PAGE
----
The following letter was sent to Socialist Worker in reply to Alex Callinicos’s article “The Left must Unite to be an Alternative”


     It was not published.


    Alex Callinicos (SW 14 October) is quite right to deplore “the extreme fragmentation of the radical left, compounded by the mutual hostility that exists among these fragments”.  The left is weak, and much weaker because of its divisions.

    I was a member of the SWP for fifty years before resigning last year. I am now a member of no organisation, but I remain a revolutionary socialist and would dearly love to see greater unity on the left. But Alex leaves a lot of questions unanswered.

    For many years the SWP has been organised on the basis of a version of “democratic centralism” (there are many versions).  This form of organisation has many merits and has enabled the SWP to make successful interventions. But it is quite obvious that the various fragments of the left will not agree to unite in such a form. If there is to be a united left wing alternative to neoliberalism, it will need to be a much looser, more federal form of organisation.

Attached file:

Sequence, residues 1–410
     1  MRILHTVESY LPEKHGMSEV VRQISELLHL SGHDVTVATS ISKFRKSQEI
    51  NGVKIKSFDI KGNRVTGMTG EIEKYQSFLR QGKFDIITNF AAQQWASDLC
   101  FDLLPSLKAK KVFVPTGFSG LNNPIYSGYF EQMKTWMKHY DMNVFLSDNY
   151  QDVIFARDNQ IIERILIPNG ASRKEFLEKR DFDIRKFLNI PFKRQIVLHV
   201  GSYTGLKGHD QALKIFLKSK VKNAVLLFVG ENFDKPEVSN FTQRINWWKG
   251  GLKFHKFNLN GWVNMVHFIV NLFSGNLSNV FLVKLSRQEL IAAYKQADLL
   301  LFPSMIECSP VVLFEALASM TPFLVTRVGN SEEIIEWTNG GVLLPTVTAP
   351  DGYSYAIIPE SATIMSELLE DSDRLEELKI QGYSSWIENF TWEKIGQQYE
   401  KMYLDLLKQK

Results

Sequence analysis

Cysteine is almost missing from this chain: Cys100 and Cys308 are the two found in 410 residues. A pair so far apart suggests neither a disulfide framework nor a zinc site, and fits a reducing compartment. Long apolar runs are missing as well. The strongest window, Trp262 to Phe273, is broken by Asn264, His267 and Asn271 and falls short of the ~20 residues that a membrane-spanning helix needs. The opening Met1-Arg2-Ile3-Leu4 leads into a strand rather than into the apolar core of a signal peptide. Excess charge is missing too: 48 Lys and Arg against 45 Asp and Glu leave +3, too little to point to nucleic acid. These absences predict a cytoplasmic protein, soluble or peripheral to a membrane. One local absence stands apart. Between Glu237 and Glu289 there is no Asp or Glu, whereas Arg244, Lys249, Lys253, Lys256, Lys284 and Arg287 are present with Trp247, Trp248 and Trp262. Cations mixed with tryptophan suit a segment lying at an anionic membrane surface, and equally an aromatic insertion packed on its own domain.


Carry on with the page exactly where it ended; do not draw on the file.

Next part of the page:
From the Anti-Nazi League to Stop The War, from the miners’ strike to the poll tax, the SWP has much to be proud of. But it is also unfortunately true that many on the left, in organisations or not, do not trust the SWP. And building trust takes time and hard work.

    Alex is right that the present situation “demands that we change”.  But is the SWP prepared to change?  Will it start telling the truth about membership figures? Will it abandon the practice whereby the Central Committee complacently renominates itself en bloc once a year, and will it work for a real renewal of the party leadership? Will it develop a democratic culture in which mistakes can be recognised and openly discussed?

    Or is Alex’s appeal for unity just rhetoric? I hope not. One small indication would be if Socialist Worker published this letter in full.  We need an open debate in the paper. As Alex says, history will judge us if we fail.

    Ian Birchall